Trigeminal Neuralgia – how to treat this face shock

Trigeminal neuralgia, also known as TN, is a chronic pain condition that affects the trigeminal nerve file view. The trigeminal nerve is a group of nerves, responsible for carrying sensations from your face to your brain. Each trigeminal nerve is made up of three branches that control the feelings for different parts of your face.

They are:

  • The ophthalmic branch controls your eye, upper eyelid, and forehead.
  • The maxillary branch affects your lower eyelid, cheek, nostril, upper lip, and upper gum.
  • The mandibular branch runs through your jaw, lower lip, lower gum, and some muscles you use for chewing.

With trigeminal neuralgia, any stimulation to your face, including mild ones like the movement of brushing your teeth or applying make-up, triggers agonising pain. Some people describe this pain as a “shock in the face”. The condition affects any of the three nerves, meaning that you can feel discomfort anywhere from your forehead to your jaw.

The condition starts with short, mild attacks and can gradually trigger longer, more frequent ones resulting in excruciating pain. TN affects women more often than men, and it’s more likely to occur in people older than 50.

Symptoms of trigeminal neuralgia:

  • Periods of stabbing or shooting twinges that last anything from a few seconds to several minutes.
  • Pain that affects only one side of your face.
  • Pain felt mostly in your jaw, cheek, lips and gums.


TN can be a signal of several underlying conditions. One of the most common reasons that it develops is when a blood vessel presses on the trigeminal nerve as it exits the brain’s stem. This ongoing compression wears away and damages the protective coating (the myelin) that surrounds the nerve. TN is common in people who have multiple sclerosis, a disease where the trigeminal nerve’s myelin sheath is deteriorated. An injury to the trigeminal nerve, like from a stroke, sinus surgery, or facial trauma can also result in TN.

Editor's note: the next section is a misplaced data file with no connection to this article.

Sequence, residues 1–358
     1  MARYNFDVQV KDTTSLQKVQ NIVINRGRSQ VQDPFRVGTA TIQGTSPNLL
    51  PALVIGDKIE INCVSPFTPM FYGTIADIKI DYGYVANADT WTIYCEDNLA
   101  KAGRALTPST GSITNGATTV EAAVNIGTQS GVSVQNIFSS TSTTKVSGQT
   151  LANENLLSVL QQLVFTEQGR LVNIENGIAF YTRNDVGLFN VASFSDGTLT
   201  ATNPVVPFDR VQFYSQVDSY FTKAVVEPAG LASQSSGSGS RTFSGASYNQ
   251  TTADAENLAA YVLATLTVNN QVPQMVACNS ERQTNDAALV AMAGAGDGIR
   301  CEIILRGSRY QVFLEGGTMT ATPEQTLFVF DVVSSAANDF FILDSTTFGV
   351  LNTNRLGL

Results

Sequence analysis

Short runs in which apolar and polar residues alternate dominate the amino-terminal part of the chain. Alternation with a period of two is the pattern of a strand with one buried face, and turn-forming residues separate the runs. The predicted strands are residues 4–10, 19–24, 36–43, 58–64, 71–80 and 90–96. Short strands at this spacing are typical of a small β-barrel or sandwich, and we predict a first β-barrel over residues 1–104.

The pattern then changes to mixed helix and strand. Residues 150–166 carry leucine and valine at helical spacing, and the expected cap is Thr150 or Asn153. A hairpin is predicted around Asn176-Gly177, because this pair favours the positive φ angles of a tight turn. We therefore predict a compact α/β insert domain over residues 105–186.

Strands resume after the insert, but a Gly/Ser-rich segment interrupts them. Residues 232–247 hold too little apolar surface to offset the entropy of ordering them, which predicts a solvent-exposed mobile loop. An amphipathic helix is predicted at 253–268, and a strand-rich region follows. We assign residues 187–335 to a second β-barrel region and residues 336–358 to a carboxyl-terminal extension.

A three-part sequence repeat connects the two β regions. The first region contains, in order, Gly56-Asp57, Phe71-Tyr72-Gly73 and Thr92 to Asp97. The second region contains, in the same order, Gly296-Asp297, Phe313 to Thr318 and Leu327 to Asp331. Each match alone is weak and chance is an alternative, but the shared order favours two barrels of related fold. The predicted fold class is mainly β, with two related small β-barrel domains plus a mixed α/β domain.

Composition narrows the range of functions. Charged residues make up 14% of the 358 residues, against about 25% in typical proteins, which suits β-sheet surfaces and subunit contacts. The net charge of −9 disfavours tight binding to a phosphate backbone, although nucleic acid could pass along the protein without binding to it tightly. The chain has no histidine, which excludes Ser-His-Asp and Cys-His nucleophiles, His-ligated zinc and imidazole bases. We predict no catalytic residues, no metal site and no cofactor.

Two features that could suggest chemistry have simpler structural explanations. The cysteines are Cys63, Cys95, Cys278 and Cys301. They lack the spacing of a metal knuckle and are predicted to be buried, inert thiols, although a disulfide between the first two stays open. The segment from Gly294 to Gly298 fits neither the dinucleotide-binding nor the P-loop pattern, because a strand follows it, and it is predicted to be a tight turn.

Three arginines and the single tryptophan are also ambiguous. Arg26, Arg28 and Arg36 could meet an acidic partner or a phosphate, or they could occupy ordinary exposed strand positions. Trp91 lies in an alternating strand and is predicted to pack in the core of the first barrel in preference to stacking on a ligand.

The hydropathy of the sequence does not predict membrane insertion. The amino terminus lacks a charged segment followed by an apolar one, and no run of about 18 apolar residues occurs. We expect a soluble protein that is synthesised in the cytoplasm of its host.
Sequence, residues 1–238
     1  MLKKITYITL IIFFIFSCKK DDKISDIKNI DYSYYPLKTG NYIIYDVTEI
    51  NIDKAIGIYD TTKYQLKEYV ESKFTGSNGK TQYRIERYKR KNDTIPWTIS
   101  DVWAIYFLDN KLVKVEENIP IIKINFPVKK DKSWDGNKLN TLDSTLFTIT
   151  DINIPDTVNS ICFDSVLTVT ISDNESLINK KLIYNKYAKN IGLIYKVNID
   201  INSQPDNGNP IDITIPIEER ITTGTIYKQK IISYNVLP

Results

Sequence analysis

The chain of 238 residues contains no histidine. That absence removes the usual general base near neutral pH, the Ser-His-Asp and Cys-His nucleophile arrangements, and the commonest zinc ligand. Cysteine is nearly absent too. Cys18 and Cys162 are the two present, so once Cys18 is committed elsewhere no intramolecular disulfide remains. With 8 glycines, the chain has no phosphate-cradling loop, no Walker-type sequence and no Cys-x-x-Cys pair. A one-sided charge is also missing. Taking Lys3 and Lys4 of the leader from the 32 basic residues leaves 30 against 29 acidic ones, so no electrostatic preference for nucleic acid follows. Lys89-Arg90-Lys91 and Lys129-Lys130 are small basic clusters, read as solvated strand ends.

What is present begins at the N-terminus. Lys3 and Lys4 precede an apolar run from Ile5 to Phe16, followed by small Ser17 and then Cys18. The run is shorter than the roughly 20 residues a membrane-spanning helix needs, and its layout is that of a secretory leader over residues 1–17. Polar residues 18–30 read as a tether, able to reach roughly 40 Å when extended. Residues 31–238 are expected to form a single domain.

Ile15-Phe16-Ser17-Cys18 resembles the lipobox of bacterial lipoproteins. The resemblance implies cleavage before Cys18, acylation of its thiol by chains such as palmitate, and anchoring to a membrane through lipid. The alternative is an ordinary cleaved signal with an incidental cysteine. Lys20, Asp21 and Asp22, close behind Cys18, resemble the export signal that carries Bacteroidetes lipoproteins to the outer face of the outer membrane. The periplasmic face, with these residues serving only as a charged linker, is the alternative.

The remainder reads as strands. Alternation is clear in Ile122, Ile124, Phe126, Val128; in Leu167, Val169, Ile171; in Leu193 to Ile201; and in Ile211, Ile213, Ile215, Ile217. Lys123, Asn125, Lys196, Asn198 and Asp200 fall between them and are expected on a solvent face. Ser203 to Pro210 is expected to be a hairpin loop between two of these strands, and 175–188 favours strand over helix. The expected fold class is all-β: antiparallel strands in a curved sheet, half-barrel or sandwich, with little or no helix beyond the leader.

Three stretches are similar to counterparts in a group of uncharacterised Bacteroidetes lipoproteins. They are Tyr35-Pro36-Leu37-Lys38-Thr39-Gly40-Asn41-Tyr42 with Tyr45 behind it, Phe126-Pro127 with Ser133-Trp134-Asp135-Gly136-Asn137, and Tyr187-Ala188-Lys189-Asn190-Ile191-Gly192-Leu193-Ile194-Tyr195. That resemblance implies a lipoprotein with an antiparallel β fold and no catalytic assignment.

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Your doctor may prescribe you medication, called anticonvulsants, which helps prevent these nerves from reacting when they’re irritated. Muscle relaxants are also helpful, along with tricyclic antidepressants to manage your symptoms.


Medication can lose its effect over time. If this happens, there are several surgery options that your doctor could suggest:

  • Gamma knife radiosurgery
    Uses radiation focused on the trigeminal nerve.
  • Microvascular decompression
    Moves or takes out blood vessels that are affecting the nerve.
  • Rhizotomy
    Destroys nerve fibres.
  • Neurectomy
    Involves cutting a part of the nerve. It’s usually performed near the entrance point of the nerve at the brain’s stem provided there is no vessel pressing against the trigeminal nerve. This surgery is also done by cutting superficial branches of the nerve in the face. However, if the operation is performed in your face, there’s a possibility that the nerve might grow back. That means the painful sensations may return.